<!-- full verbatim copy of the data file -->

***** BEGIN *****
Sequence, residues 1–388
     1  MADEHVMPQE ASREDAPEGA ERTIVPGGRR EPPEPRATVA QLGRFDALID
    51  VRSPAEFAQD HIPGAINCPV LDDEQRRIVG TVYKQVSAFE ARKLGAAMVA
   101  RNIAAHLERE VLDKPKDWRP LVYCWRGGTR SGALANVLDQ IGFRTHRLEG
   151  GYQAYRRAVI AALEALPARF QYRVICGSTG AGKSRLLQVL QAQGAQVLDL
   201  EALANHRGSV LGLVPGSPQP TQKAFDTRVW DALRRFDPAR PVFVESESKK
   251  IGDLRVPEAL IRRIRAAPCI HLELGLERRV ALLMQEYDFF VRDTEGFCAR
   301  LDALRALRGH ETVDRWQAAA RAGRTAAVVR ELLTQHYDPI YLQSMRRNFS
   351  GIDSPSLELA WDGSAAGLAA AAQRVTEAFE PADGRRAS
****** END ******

Sequence, residues 1–388
     1  MADEHVMPQE ASREDAPEGA ERTIVPGGRR EPPEPRATVA QLGRFDALID
    51  VRSPAEFAQD HIPGAINCPV LDDEQRRIVG TVYKQVSAFE ARKLGAAMVA
   101  RNIAAHLERE VLDKPKDWRP LVYCWRGGTR SGALANVLDQ IGFRTHRLEG
   151  GYQAYRRAVI AALEALPARF QYRVICGSTG AGKSRLLQVL QAQGAQVLDL
   201  EALANHRGSV LGLVPGSPQP TQKAFDTRVW DALRRFDPAR PVFVESESKK
   251  IGDLRVPEAL IRRIRAAPCI HLELGLERRV ALLMQEYDFF VRDTEGFCAR
   301  LDALRALRGH ETVDRWQAAA RAGRTAAVVR ELLTQHYDPI YLQSMRRNFS
   351  GIDSPSLELA WDGSAAGLAA AAQRVTEAFE PADGRRAS